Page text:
"At an estimated 169 million NZ dollars (132.36 million U.S. dollars) to construct and with an annual average operating cost of 3.3 million NZ dollars, Mill Creek is a very strong commercial proposition," Meridian chief executive Mark Binns said in a statement.
Meridian’s wind development team had taken advantage of a number of external factors, including the strong New Zealand dollar, an easing of steel prices and highly competitive turbine technology and construction industries, he said.
The Mill Creek wind farm would be situated near existing Meridian wind farm West Wind.
"The project will extend the contribution of renewable energy from the city to the wider Wellington region. Between West Wind and Mill Creek we will produce enough energy to power the equivalent of 100,000 average New Zealand homes."
Mill Creek would produce on average 235 kilowatt hours of power per year, enough electricity to power the equivalent of 30,000 average New Zealand homes.
Friday, which was Global Wind Day, also marked the opening of the country’s newest wind farm, the 7.65-megawatt Mount Stuart wind farm in the South Island’s Clutha district.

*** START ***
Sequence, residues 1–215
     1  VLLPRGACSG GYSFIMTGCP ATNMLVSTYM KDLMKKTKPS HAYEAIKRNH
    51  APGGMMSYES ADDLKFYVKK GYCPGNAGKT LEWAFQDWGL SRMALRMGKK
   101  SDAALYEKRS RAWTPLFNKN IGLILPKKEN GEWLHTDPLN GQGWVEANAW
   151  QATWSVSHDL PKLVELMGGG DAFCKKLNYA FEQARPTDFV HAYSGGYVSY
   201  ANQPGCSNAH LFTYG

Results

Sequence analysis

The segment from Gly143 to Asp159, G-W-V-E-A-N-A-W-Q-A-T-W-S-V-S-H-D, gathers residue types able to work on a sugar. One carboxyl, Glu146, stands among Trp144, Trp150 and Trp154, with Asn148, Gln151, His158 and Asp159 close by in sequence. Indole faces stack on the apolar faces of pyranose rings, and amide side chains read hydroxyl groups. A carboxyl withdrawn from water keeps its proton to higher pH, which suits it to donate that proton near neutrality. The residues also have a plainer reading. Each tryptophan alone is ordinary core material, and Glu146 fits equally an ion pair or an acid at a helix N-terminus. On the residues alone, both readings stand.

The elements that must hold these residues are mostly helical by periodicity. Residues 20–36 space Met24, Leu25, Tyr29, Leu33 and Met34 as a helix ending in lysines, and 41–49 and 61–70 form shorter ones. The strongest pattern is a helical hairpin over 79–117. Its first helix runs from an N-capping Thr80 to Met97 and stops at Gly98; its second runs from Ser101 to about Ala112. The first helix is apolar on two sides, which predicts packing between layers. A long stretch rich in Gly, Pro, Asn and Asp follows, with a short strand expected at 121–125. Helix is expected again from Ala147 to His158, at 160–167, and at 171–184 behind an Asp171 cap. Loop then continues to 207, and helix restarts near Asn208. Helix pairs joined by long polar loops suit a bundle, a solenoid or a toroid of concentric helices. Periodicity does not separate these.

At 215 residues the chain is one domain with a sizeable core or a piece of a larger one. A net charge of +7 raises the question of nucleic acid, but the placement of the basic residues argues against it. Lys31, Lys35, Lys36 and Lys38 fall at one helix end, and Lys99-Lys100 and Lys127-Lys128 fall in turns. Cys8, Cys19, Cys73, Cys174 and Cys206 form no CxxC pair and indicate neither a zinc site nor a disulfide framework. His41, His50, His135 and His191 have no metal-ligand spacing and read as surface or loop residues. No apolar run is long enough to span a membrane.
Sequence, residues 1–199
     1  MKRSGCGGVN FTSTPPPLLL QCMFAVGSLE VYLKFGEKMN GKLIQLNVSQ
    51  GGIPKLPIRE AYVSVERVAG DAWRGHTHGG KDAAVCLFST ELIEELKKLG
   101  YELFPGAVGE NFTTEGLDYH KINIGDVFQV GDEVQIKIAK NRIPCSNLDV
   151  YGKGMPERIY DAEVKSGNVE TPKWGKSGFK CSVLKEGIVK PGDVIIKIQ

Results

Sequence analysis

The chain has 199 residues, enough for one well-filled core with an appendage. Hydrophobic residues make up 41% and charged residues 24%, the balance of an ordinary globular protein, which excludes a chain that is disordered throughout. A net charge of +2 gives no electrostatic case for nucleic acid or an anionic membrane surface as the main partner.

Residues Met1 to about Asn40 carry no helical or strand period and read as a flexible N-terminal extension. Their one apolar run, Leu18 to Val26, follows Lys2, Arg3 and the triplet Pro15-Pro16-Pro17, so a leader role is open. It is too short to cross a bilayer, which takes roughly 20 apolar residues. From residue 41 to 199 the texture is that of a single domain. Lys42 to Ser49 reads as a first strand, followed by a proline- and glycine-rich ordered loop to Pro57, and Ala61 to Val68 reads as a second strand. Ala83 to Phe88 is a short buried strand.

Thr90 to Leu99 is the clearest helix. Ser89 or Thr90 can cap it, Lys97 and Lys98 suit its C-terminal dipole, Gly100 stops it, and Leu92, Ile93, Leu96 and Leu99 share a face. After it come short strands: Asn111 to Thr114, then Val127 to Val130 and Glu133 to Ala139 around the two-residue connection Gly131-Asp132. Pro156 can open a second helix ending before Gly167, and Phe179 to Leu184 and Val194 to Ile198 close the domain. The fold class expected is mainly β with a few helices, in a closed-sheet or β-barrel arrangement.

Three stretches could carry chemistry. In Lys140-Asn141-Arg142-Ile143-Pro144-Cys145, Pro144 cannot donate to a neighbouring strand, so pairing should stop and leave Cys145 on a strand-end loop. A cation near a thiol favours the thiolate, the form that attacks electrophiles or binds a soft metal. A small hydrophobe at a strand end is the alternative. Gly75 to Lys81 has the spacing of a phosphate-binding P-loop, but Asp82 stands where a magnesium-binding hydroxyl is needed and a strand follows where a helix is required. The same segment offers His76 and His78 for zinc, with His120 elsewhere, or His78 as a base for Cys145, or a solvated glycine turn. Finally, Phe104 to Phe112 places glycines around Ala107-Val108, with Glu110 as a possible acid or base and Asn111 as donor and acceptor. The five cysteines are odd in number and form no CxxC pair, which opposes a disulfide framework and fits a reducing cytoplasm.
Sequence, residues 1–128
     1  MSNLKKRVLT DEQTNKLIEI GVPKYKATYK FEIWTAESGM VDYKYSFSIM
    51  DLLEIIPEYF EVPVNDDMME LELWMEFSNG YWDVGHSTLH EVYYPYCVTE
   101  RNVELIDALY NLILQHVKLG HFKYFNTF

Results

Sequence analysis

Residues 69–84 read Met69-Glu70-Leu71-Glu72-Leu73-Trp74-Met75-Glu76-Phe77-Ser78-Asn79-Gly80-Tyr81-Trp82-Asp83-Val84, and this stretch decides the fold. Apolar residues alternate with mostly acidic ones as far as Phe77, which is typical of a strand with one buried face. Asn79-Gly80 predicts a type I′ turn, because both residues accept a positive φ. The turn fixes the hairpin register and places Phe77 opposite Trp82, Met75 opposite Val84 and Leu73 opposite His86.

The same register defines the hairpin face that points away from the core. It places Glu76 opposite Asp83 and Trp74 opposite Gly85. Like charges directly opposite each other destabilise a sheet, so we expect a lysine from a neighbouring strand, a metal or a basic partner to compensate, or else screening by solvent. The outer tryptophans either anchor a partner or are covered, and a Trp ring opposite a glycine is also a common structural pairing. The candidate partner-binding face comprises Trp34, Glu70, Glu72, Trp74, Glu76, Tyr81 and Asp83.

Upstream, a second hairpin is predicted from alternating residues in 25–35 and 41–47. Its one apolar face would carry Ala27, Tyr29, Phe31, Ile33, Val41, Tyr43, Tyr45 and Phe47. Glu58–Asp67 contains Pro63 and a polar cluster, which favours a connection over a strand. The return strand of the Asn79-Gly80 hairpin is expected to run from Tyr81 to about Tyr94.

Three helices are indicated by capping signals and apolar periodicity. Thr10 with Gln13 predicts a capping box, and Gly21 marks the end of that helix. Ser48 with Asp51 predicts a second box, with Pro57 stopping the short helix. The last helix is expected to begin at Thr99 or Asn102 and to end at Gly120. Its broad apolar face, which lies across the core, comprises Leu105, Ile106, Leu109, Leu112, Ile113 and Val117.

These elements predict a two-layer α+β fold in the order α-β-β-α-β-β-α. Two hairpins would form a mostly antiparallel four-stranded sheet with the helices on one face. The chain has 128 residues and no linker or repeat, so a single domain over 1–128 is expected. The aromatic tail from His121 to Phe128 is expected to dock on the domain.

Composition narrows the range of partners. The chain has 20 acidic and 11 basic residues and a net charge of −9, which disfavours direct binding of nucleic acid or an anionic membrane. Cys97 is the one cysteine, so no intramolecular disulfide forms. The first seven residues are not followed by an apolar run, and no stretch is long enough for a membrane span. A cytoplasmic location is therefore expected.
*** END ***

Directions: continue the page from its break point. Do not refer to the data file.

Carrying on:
New Zealand Wind Energy Association chief executive Eric Pyle said the two projects reinforced wind energy as a cost effective form of generation and an attractive investment.
"From the point of view of an investor, the major advantages of wind farms are that they can be built quickly and sized to fit both the developer’s strategy and market requirements," Pyle said in a statement.
Wind energy had grown over 25 percent a year over the last few years to supply about 5 percent of New Zealand’s electricity, and was likely to be supplying 20 percent by 2030, said Pyle.
Energy and Resources Minister Phil Heatley said the role of wind energy for electricity generation was steadily increasing.
"Unlike many countries, New Zealand’s wind energy does not require subsidies. It is one of the cheapest sources of generation for New Zealand to develop," Heatley said in a statement.
"Renewables already play a significant role in our energy mix with 77 percent of New Zealand’s electricity coming from renewable sources last year. The government has a target of 90 percent by 2025." About 2,400 megawatts of other wind projects were already approved, Heatley said.
Wind power in New Zealand
1997: 4 MW
1998: 24 MW (+500 %)
1999: 35 MW (+45.9 %)
2000: 35 MW (- %)
2001: 35 MW (- %)
2002: 35 MW (- %)
2003: 36 MW (+2.9 %)
2004: 168 MW (+366.7 %)
2005: 168 MW (- %)
2006: 171 MW (+1.8 %)
2007: 322 MW (+88.4 %)
2008: 325 MW (+1 %)
2009: 497 MW (+53 %)
2010: 530 MW (+6.7 %)
2011: 622 MW (+17.4 %)
By José Santamarta, www.siemens.com